I have always been writing for some sort of purpose and not for pleasure. Of course, one did get the heady feeling when one’s name is in print (as I used to feel when I started writing ). But almost all that I have written have something to do with some aspect of the Tibetan issue and my perception of it.
The times have changed with the onslaught of the internet age. Today, personal websites, blogs as well as social networking sites have all led to anyone aspiring to be a writer to fulfill that aspiration without having to wait for the acceptance letter (or more likely the rejection slips) from newspapers or magazines of their articles. You write something that comes to your mind, upload it to your website or blog and in an instant it is already published (Just like I have done with this.)
Friends, colleagues and even editors of magazines for which I have contributed articles have been giving me good advises. Write on topics other than Tibet, one said, adding that it will give me a different perspective. A colleague once asked me why I was not bringing out a compilation of my column that I used to write for Tibetan Review. A younger colleague, who has since joined a creative writing course in a university (luck for her), said I should be writing more of non-serious blogs after reading one such item that I did some months back. Another, a head of an academic institution, suggested that I should write a book (I guess he was thinking of my experience being involved with the Tibetan issue.).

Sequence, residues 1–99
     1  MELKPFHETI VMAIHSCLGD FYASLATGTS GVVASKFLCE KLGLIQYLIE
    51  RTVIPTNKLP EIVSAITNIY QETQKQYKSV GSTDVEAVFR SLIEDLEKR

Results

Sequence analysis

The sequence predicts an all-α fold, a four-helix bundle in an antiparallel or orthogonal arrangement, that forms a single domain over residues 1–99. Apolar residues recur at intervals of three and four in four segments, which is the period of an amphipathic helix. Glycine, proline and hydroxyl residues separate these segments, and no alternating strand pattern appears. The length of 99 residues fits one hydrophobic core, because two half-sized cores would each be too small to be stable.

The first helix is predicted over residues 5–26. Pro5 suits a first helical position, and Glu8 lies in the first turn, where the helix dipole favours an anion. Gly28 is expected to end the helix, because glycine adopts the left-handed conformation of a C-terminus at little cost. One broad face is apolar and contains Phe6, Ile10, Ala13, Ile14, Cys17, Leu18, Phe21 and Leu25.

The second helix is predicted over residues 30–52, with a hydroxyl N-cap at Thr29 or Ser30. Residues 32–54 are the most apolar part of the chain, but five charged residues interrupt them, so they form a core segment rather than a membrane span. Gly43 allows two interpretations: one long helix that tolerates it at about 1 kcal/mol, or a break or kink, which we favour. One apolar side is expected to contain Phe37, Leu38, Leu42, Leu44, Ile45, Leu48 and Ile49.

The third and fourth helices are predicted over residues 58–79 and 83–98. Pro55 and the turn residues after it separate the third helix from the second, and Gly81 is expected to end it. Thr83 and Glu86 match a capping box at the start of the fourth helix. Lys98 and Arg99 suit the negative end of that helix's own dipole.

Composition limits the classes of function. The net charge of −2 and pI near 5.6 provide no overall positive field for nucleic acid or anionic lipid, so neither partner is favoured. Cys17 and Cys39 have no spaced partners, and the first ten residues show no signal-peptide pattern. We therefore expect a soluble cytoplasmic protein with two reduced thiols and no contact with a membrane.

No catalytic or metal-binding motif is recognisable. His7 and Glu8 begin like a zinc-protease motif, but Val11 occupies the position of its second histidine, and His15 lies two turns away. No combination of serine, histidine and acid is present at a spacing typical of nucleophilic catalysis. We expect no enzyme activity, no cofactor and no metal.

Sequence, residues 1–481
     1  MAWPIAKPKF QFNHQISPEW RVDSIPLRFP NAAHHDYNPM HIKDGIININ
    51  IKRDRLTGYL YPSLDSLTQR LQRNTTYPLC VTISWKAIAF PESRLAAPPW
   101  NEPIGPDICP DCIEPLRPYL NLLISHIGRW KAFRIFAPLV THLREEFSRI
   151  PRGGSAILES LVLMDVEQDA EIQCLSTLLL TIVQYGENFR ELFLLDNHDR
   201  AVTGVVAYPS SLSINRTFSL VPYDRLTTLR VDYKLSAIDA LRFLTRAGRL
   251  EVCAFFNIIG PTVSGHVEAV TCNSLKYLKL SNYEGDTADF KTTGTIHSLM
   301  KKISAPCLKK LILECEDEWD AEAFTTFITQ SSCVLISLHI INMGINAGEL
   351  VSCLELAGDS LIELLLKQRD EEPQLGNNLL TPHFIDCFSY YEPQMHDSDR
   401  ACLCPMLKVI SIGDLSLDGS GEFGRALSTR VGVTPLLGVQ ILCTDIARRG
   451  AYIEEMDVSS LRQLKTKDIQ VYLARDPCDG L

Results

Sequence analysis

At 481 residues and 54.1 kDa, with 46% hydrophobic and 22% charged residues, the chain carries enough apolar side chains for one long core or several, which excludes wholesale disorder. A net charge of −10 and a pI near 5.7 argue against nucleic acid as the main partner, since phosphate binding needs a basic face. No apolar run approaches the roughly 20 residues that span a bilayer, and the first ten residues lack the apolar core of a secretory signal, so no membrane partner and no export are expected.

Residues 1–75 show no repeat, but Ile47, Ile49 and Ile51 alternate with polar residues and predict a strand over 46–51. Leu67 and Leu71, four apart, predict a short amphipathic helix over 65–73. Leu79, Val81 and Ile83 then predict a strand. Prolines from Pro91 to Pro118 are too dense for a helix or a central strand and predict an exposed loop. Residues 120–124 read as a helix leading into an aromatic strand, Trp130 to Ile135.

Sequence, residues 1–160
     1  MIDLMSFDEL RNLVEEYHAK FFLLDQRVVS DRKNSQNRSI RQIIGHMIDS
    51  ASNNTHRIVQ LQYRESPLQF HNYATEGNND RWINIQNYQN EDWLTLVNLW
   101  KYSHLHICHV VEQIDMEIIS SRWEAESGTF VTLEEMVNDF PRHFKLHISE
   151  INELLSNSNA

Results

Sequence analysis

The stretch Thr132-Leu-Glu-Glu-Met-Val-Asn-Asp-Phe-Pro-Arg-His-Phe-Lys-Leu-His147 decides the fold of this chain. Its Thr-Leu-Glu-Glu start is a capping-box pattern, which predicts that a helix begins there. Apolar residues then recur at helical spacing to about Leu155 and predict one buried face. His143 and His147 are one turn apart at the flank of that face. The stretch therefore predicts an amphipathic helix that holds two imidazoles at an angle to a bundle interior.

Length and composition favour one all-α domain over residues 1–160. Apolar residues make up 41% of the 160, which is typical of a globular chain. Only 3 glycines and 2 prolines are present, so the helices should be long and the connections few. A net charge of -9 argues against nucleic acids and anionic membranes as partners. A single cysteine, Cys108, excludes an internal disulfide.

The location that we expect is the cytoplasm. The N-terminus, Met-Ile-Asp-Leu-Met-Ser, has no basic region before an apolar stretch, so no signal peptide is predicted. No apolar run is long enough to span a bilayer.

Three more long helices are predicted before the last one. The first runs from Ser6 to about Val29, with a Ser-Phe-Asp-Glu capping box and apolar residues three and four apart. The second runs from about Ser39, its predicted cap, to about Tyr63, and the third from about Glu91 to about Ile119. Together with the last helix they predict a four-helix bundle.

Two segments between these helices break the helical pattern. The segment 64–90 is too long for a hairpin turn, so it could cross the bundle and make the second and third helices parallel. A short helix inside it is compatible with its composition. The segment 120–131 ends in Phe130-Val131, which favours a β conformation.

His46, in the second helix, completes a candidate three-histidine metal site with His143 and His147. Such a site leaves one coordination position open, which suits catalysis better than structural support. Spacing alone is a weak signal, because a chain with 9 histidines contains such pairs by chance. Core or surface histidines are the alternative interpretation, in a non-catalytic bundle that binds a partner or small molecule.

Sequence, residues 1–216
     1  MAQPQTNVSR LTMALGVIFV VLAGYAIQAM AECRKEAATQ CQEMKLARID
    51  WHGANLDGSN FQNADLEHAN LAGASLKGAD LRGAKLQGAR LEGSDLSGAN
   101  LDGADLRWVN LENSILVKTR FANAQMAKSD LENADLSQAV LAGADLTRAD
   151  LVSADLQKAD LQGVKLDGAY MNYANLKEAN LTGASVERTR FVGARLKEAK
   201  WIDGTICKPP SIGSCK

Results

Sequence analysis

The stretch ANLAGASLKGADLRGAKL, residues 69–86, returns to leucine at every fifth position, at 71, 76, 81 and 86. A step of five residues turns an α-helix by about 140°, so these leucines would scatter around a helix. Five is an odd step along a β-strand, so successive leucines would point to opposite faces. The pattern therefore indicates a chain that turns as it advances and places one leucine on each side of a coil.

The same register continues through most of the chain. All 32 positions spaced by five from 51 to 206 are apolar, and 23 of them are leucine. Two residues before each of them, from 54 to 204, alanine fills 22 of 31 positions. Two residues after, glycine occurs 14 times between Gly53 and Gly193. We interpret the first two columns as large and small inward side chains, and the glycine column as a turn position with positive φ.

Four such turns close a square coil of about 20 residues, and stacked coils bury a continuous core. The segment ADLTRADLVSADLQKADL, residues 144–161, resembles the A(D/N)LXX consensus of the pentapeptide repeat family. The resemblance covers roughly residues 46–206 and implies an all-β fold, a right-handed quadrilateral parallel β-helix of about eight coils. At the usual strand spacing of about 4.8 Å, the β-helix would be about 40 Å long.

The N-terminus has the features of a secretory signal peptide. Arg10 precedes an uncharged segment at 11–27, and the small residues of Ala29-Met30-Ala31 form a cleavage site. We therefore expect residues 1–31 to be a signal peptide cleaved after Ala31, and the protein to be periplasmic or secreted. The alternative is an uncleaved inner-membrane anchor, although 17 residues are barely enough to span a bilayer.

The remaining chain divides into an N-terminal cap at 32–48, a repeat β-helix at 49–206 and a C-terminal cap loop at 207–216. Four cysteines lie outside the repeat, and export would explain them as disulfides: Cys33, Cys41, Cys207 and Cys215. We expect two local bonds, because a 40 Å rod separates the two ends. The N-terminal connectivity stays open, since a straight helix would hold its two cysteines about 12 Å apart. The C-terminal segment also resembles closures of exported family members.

I actually did consider writing an autobiography of sort many years back. I even pondered over the title of the book, deciding to call it “An Ordinary Tibetan.” I wrote a synopsis and even sought advice from Dr. Dawa Norbu during one of my meetings with him in New Delhi. But I have not gone any further than that on this.
My life so far has been such that I did not really have much command over where it was heading.
The reason why I am sharing these thoughts is because today I got into thinking about reasons why people write. Sometimes when I look back at the writings I have done, I feel some sort of fulfillment. I have made some contribution to the Tibetan public’s discourse. I have got some small recognition of sort, whether it is a youngster saying he or she reads my writings or an older person saying he subscribed to what I had to say on some TV or radio program. But then I come across the works of many Tibetans who are doing much more than I am doing but who are not in the limelight, and I wonder how useful I am.
I am writing this as I sit on the couch and there is a rerun of one of the Friends episode on TV. It just finished and now there is a rerun of Two & a Half Men. These are interesting and entertaining shows that poke fun at the follies of society. I particularly like Friends for its ability to engross the audience over issues that are “nothing.” I guess I will take any of these shows over some of the reality shows that seem to be marking this 21st century TV world.
And I am eating some Haldiram’s Moong Dal that we get from the local Indian grocery store.